Tuesday, September 1, 2015


The Arkansas Times published a story this morning that reported on this blog exposing the firing of ABC Enforcement Director Boyce Hamlet from the Arkansas State Police and Hamlet's subsequent falsification of his employment history on job applications and forms submitted to the Arkansas Commission on Law Enforcement Standards and Training (CLEST). 

We had submitted a Freedom of Information request to the Arkansas State Police (ASP) for the investigative file concerning Hamlet that was conducted by their Special Investigation Unit that led to Hamlet being fired.  Documents previously released to us by the ASP stated that Hamlet admitted to cheating on an exam. The documents provided also indicate that Hamlet lied multiple times to the investigators.

Further investigation revealed that Hamlet provided false and misleading information concerning his employment history of job applications and forms submitted to CLEST.  Providing false information is a misdemeanor under Arkansas Law ( Ark. Code Annotated § 5-53-103).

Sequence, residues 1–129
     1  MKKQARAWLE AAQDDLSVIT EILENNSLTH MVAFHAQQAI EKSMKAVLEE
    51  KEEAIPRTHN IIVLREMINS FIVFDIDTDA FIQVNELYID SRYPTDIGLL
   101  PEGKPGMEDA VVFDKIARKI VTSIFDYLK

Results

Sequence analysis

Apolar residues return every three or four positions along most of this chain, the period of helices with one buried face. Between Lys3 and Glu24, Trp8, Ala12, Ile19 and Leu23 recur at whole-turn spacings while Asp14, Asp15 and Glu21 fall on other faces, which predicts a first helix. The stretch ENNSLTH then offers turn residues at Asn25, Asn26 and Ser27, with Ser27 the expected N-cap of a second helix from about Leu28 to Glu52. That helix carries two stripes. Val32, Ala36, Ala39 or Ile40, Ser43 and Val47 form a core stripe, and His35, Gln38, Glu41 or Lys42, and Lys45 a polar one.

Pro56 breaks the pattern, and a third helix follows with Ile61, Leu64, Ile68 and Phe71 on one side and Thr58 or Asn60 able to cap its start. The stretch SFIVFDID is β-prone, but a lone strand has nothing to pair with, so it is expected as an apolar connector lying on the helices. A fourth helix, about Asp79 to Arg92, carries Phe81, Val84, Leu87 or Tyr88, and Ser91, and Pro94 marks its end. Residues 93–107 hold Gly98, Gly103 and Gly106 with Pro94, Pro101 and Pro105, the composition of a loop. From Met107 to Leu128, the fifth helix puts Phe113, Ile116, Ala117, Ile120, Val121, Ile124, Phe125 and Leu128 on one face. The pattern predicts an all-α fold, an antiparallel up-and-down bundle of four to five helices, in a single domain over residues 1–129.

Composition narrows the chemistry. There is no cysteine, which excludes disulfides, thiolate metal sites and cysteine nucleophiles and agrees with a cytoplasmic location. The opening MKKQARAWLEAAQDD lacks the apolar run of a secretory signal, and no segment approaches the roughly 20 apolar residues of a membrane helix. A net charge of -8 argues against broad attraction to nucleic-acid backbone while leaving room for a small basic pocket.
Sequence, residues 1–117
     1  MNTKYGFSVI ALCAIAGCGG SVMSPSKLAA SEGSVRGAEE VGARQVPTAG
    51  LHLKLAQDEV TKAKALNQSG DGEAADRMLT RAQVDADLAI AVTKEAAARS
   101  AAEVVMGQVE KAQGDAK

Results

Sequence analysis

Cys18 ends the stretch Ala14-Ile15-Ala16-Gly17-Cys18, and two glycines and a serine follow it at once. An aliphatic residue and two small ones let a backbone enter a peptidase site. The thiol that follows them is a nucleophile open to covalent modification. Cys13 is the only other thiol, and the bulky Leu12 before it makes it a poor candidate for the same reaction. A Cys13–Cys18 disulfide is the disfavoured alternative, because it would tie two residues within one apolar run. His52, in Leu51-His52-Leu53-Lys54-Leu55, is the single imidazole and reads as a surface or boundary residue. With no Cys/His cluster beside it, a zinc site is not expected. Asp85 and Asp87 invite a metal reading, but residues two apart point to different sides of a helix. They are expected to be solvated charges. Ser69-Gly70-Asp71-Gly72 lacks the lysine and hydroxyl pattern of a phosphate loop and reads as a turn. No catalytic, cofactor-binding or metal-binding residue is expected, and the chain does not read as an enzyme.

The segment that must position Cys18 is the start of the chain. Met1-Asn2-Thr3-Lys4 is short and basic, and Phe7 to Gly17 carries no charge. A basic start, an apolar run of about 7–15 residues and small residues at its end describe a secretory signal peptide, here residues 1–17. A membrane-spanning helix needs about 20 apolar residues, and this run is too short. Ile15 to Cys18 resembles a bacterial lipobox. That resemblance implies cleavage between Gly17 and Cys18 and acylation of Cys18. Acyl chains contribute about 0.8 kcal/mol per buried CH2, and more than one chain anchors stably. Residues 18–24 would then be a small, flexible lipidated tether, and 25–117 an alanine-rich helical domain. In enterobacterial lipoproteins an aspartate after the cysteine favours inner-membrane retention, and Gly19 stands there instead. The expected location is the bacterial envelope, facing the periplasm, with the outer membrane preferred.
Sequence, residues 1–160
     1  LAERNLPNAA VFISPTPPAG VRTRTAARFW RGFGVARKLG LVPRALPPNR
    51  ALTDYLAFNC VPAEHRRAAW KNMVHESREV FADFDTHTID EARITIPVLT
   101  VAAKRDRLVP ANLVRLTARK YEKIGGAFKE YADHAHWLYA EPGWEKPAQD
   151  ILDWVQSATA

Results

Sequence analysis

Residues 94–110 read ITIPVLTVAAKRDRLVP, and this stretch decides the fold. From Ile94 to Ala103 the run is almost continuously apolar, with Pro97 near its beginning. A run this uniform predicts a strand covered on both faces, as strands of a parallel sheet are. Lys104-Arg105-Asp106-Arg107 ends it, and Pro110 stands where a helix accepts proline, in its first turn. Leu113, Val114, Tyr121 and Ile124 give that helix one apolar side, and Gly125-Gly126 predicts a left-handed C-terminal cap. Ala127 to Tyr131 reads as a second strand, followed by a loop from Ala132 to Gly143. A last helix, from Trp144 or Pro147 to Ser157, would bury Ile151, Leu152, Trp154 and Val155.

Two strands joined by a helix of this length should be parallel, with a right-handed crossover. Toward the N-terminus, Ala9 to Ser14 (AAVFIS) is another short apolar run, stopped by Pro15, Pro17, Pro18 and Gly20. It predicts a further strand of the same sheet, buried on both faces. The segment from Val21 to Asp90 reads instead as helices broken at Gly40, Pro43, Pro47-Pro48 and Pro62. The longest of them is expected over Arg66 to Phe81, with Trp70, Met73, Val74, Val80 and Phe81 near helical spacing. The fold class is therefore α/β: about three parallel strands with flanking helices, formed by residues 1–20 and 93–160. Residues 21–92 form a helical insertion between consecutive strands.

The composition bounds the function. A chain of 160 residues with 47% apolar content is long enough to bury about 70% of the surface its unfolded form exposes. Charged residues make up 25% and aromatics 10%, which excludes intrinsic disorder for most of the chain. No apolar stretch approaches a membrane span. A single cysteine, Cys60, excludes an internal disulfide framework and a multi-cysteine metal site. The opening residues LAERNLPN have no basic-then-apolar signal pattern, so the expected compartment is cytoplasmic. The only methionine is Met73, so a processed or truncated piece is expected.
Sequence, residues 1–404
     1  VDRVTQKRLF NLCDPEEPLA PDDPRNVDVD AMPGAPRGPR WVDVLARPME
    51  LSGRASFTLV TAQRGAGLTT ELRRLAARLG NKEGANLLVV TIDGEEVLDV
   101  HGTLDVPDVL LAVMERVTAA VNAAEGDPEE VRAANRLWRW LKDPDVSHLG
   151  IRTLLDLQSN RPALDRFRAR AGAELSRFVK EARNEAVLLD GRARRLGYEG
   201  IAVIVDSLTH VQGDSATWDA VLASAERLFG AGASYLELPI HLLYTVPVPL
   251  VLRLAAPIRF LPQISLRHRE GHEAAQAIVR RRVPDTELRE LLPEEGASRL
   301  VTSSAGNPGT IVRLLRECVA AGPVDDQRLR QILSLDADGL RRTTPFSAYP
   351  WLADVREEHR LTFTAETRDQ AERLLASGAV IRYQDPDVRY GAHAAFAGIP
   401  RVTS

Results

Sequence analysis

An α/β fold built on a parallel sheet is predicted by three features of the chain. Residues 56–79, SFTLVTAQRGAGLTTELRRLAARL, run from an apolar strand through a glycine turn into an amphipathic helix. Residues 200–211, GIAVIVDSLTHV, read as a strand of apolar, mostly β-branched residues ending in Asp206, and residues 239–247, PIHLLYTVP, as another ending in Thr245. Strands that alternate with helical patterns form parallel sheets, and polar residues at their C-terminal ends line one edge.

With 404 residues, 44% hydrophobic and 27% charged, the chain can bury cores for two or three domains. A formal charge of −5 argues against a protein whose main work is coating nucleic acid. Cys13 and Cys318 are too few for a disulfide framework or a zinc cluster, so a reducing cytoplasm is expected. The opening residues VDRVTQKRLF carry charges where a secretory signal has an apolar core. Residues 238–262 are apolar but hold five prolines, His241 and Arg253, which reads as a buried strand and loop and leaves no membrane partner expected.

By providing false and misleading information, Hamlet was able to hide his employment and termination from the ASP and possibly obtain employment with law enforcement agencies that he might not have obtained if he had truthfully reported the information as required by Arkansas laws.

Arkansas Attorney General Leslie Rutledge herself pinned the opinion that denied us and the citizens of Arkansas the right to learn about what Hamlet did that usually ends a law enforcement career.  We we not surprised at the outcome, because Rutledge and others are providing a quid pro quo to Hamlet for working for their election to office. Rutledge is not know for having common sense as a racist and derogatory email she circulated when she was an attorney for the Arkansas Department of Human Services clearly indicates . Rutledge resigned while under DHS scrutiny of her poor job performance.  DHS placed a do not rehire note in her personnel file according to stories by the Arkansas Times and Blue Hog Report.

We plan on filing legal action to obtain the ASP investigative file and believe that we can make an excellent case to support that its release is in indeed in the public interest (the one and only thing that Rutledge stated in her opinion that was lacking for release of the information).

We are certain that many ABC Enforcement agents would like to buy Max Brantley a drink for getting the information out to a wider audience about the character (or lack thereof) of Boyce Hamlet.